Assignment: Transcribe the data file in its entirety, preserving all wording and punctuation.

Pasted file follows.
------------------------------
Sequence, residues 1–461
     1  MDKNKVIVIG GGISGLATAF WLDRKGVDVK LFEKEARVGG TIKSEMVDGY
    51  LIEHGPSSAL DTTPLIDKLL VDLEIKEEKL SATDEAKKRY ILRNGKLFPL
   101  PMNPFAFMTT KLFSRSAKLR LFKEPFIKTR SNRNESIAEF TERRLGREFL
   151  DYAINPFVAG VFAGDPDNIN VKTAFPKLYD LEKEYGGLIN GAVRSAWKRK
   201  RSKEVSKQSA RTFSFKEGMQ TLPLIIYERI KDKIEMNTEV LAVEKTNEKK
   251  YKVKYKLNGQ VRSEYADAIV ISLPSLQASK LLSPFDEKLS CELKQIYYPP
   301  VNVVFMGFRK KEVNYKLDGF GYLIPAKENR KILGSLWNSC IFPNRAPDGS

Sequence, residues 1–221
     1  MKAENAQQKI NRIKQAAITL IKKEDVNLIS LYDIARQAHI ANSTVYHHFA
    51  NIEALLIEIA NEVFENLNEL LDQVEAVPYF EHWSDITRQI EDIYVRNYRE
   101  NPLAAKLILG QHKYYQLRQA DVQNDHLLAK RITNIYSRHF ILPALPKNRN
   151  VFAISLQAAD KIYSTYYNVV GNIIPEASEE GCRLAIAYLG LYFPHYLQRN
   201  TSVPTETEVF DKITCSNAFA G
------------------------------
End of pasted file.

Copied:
Sequence, residues 1–461
     1  MDKNKVIVIG GGISGLATAF WLDRKGVDVK LFEKEARVGG TIKSEMVDGY
    51  LIEHGPSSAL DTTPLIDKLL VDLEIKEEKL SATDEAKKRY ILRNGKLFPL
   101  PMNPFAFMTT KLFSRSAKLR LFKEPFIKTR SNRNESIAEF TERRLGREFL
   151  DYAINPFVAG VFAGDPDNIN VKTAFPKLYD LEKEYGGLIN GAVRSAWKRK
   201  RSKEVSKQSA RTFSFKEGMQ TLPLIIYERI KDKIEMNTEV LAVEKTNEKK
   251  YKVKYKLNGQ VRSEYADAIV ISLPSLQASK LLSPFDEKLS CELKQIYYPP
   301  VNVVFMGFRK KEVNYKLDGF GYLIPAKENR KILGSLWNSC IFPNRAPDGS

Sequence, residues 1–221
     1  MKAENAQQKI NRIKQAAITL IKKEDVNLIS LYDIARQAHI ANSTVYHHFA
    51  NIEALLIEIA NEVFENLNEL LDQVEAVPYF EHWSDITRQI EDIYVRNYRE
   101  NPLAAKLILG QHKYYQLRQA DVQNDHLLAK RITNIYSRHF ILPALPKNRN
   151  VFAISLQAAD KIYSTYYNVV GNIIPEASEE GCRLAIAYLG LYFPHYLQRN
   201  TSVPTETEVF DKITCSNAFA G